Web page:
|Posted on March 2, 2017 at 3:30 PM|
Dad burnt our garbage in two old oil barrels. On rural farms in 1960, this was a common practice. We lived too far from the city dump. Burning trash intrigued me. At times, it was a spectacular display. Each burning object exhibited a different hue from yellow, orange, bright red to a deep violet. Roasting objects crackled with random popping noises. This display kept me entertained for several minutes.
On one occasion, dad burnt a truck load of feed sacks. The flames escalated ten feet in the air leaving a large deposit of fluffy gray ashes piled a foot high. This pile enticed me to examine it further. When the flames ceased, I touched the ashes discovering them to be silky soft like baby powder. As smoke lingered in the air, my curiosity continued. Removing my shoes and socks, I walked into the piles of ashes. The gray powder swished between my toes. It felt amazing. I cupped the ashes into my hands rubbing them on my legs and arms like lotion. Mysteriously, the fumes became intoxicating. I couldn’t breath. I coughed and coughed. I had to clear my lungs. Gagging, I ran to the water well and rinsed off my face. I gulped the cold water down my throat. After three lingering swallows of water, my coughing stopped. My heart pounded in my chest. But, I could breathe again.
This was frightening. What was in those ashes?
What was in those sacks?
This was a scary discovery.
I didn’t inform mom and dad about my episode. I learned the danger of fire.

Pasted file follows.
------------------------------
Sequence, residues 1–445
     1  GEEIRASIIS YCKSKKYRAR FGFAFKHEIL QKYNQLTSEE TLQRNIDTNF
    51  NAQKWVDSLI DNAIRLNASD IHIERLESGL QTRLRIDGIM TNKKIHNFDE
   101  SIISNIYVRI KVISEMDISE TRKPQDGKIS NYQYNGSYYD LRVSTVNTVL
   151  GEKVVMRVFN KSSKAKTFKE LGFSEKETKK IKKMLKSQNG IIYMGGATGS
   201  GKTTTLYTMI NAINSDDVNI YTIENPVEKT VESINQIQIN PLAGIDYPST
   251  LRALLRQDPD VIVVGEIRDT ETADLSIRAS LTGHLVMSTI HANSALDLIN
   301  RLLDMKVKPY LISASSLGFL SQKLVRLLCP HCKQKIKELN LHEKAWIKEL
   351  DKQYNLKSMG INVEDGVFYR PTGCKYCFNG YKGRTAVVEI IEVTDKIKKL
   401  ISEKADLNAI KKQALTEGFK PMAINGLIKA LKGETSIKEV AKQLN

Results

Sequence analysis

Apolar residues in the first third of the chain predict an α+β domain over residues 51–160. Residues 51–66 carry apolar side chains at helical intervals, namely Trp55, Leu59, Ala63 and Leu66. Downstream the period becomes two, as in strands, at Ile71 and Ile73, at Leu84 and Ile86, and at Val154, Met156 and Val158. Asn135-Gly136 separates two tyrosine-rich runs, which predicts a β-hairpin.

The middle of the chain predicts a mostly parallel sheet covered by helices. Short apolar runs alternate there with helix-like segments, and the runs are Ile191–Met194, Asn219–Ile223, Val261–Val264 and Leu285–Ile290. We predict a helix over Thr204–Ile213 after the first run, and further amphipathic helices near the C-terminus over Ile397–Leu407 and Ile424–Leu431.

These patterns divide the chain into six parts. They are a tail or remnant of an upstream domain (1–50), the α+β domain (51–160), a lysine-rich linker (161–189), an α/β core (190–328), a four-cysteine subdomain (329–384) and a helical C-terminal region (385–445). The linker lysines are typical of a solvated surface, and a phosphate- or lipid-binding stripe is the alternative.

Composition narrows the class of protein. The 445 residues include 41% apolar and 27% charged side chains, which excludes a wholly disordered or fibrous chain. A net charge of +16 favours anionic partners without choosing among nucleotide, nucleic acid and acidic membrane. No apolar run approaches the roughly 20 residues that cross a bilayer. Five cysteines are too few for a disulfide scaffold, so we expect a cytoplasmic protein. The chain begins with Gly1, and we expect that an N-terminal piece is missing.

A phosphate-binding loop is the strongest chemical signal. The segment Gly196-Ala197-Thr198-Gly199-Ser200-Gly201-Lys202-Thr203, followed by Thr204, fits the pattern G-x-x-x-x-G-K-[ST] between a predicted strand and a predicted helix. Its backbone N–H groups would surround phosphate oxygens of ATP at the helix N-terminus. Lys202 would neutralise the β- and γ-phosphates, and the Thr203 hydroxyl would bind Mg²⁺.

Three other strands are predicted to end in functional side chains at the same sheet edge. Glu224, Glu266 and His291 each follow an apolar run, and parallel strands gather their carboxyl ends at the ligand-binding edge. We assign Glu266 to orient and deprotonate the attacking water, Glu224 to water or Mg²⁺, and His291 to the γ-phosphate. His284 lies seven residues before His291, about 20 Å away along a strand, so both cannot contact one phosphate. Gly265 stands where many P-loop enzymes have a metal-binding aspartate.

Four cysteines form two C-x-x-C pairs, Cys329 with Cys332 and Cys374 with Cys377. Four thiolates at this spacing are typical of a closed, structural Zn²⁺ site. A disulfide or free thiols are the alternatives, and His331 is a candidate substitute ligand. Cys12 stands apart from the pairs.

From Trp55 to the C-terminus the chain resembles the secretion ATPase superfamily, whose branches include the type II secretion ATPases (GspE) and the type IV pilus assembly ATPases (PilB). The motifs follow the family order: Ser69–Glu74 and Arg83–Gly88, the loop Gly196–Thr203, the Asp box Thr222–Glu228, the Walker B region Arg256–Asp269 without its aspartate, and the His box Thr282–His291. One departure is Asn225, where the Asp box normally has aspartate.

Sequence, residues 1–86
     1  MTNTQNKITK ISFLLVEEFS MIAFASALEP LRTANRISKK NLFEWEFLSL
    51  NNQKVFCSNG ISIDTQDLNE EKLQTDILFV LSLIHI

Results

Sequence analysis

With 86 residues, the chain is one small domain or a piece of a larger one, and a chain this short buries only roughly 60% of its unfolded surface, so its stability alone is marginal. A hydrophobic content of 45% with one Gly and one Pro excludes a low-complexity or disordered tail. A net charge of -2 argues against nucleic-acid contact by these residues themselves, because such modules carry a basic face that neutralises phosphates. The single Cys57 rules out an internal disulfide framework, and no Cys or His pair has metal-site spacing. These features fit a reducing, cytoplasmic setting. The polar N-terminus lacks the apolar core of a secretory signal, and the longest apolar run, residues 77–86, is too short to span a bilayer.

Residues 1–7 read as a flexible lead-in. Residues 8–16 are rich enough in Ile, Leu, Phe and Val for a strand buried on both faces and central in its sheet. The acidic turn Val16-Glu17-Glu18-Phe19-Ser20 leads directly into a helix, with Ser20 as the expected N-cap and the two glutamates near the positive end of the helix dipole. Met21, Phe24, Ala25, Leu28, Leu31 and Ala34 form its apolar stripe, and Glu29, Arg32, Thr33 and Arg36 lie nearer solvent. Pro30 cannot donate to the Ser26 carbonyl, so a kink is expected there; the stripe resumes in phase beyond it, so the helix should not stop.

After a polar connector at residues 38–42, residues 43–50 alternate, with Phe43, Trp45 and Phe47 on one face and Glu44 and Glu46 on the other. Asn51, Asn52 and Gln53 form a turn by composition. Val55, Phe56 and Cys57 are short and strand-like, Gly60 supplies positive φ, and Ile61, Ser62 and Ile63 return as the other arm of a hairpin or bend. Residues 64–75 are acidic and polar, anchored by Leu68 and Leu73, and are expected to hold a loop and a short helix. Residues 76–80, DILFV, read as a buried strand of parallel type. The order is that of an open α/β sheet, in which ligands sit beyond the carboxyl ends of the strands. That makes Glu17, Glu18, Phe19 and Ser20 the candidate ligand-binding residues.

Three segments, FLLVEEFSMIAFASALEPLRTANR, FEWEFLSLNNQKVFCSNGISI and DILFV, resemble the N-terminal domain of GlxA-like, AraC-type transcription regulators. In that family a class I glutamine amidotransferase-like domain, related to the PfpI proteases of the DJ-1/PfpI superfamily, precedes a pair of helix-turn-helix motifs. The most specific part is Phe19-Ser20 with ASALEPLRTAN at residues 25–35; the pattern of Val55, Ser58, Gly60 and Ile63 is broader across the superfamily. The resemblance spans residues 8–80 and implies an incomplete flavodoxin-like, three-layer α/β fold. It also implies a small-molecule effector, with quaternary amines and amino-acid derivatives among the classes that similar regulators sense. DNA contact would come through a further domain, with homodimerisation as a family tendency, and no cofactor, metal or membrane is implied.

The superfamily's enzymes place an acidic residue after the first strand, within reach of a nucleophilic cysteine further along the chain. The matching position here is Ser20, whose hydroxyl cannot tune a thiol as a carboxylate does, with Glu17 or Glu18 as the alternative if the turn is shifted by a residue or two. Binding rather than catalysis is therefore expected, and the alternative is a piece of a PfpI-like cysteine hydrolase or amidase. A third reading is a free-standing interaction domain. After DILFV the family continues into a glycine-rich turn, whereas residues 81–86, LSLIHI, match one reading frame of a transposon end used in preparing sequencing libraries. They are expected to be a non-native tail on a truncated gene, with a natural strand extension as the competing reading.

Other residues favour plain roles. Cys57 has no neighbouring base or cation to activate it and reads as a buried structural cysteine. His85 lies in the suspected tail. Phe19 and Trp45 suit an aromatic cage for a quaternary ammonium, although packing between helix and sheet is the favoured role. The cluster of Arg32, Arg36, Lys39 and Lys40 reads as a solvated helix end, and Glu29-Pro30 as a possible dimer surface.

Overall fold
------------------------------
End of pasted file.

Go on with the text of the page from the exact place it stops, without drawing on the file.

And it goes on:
Two weeks later, I discovered my younger sister, Vonne crying in the middle of the yard. I yelled asking what is wrong? Yet, she remained frozen in place and continued her sobs. As the older sister, I had to examine her fears. She would not speak although she had a large range of vocabulary for a four year old. Slowly, she lifted her foot. Large blisters covered her foot. My eyes glanced towards the trash barrels as smoke still filtrated the air. Examining Vonne’s other foot, it too had blisters. Tears rolled down Vonne’s dirty face leaving behind a clean trail of pink cheeks. I knew what happened, but I had to ask. Vonne, did you walk in the ashes by the trash barrels? She nodded her head. Suddenly, adrenaline rushed inside me.
I grabbed Vonne under her arms informing her to hold on my neck. She was too heavy for me to lift, but my burst of adrenaline allowed me to carry her into the house. I placed Vonne on a foot stool in the kitchen and prepared a bowl of cold water filled with ice cubes. Her small feet fit perfectly into mom’s metal bowl. Does that feel better? She nodded. When her tears stopped, she gave me a soft hug. I wiped her face and hands and told her to keep her feet in ice water until the pain stops. I had no idea how long that would be. I scurried to the living room and positioned the television so we could watch cartoons from the kitchen. We sat together for two hours until supper time. I made more three trays of ice cubes to keep her feet comfortable. Three trays were all I could find.
After supper, dad carried Vonne upstairs to our bedroom. She fell asleep before I finished reading the third chapter in my new fairy tale book.
She looked peaceful as she slept. Strangely, she began snoring. I giggled. I had never heard her snore before. She must be all right. I closed my book and said my prayers.
Thank you Jesus for protecting my sister. I love her and.... her snoring. I am very tired tonight.
Good night, Lord.
Categories: Faith & Blessings